The U.S. dollar has been on a tear in recent weeks, trading higher in 14 of the last 20 trading sessions in May so far.
As political turmoil in Europe and the flight to risk-off assets continued this week, the U.S. dollar index on Tuesday, May 29, hit a six-month high at 95.03, putting the greenback on track to tally its biggest monthly gain in more than a year and a half.
In early Wednesday trading, the dollar - compared to a basket of six global currencies - dipped about 0.53% to 94.34. But the dollar remains higher with a gain of more than 4% in the last three months.
While a strong dollar means cheaper imports and cheaper tourism abroad, it could be bad news for large U.S.-based multinational corporations that count on international revenue for a large chunk of their top lines. When the dollar is weak, the income those companies earn in foreign markets decreases in value on their balance sheets.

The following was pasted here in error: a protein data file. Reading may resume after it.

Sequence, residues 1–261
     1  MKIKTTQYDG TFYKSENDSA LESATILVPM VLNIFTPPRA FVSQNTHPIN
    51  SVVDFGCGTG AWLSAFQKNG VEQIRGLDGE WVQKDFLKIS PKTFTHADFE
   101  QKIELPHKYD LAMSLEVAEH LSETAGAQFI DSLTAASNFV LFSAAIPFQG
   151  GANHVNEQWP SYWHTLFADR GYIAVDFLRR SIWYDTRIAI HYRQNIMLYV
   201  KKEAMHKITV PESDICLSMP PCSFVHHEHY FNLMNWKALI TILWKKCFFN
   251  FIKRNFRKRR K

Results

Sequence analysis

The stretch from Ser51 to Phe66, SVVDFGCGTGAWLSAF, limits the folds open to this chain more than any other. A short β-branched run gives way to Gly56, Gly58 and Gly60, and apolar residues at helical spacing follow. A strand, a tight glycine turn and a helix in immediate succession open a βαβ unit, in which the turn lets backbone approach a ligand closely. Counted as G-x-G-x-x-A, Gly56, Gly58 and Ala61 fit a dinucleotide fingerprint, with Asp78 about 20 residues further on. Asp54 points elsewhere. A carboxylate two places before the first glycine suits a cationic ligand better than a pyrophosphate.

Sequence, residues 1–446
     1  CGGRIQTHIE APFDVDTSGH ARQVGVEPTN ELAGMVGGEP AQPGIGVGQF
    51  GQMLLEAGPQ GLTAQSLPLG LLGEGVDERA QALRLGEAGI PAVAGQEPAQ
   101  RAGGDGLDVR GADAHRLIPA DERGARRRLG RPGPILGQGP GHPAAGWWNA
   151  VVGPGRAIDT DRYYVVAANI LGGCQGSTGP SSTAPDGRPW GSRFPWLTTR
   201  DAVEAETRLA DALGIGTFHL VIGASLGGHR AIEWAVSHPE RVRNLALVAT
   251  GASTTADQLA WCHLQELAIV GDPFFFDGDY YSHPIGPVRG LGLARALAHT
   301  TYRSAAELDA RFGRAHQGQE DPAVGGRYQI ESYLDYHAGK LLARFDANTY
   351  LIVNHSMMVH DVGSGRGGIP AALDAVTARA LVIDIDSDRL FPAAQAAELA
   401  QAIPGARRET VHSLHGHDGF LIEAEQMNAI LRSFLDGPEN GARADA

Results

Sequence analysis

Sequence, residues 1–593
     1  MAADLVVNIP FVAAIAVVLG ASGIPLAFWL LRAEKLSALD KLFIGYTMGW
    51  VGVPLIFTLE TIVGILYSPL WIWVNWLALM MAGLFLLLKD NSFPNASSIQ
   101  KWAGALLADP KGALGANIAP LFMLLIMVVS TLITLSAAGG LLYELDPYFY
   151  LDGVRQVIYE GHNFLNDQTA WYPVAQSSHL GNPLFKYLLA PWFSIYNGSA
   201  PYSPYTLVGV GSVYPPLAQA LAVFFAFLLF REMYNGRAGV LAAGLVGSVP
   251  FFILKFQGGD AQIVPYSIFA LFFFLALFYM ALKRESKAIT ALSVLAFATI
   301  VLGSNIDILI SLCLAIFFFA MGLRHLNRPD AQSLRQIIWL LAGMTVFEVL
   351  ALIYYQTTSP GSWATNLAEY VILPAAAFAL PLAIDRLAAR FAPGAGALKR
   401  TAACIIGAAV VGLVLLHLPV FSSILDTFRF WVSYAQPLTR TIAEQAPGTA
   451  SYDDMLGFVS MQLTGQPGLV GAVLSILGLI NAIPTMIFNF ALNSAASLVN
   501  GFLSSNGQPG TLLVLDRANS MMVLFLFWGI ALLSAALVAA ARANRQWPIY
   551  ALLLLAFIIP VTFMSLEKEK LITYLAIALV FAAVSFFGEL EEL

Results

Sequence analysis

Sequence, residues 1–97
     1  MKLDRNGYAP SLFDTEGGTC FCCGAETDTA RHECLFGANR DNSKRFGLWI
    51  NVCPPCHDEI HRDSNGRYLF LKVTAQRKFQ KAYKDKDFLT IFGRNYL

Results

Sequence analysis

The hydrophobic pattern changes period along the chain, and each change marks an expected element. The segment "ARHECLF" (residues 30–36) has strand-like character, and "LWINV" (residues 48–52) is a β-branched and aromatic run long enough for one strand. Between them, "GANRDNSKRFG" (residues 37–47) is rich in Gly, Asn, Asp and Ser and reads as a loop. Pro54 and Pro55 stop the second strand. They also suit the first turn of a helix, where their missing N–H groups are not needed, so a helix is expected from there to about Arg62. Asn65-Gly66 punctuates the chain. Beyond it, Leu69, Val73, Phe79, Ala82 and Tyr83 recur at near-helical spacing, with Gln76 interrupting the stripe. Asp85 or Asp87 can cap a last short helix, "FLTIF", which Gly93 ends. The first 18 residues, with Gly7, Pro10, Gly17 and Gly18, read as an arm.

Some of the more well-known U.S. firms that could suffer as a result of the stronger dollar include McDonald's Corp. (MCD) - Get Report , which tallied a 2% increase in total revenue from international lead markets in 2017. During the same time, total revenue from U.S. markets shrank 3%.
Coca-Cola Enterprises Inc. (CCE) , the marketer, producer and distributor of Coca-Cola products in Western Europe, could also struggle. Revenue for the European arm of Coca-Cola grew 17.5% in 2017, while revenue for U.S. counterpart Coca-Cola Co. (KO) - Get Report contracted 15.4% during the same period.
Procter & Gamble Co. (PG) - Get Report could tumble, as well. In 2017 the company had about 45% of its net sales in the U.S., but the company tallied 23% of its sales in Europe; 9% in the Asia Pacific region; 8% in China; 8% in Latin America and 7% in India, the Middle East and Africa.
Philip Morris International Inc. (PM) - Get Report has focused exclusively outside of the United States since it was spun off from former parent Altria Group Inc. (MO) - Get Report in March 2008. Philip Morris registered 32% of total operating income in the European Union in 2017, putting it at risk in a strong-dollar environment.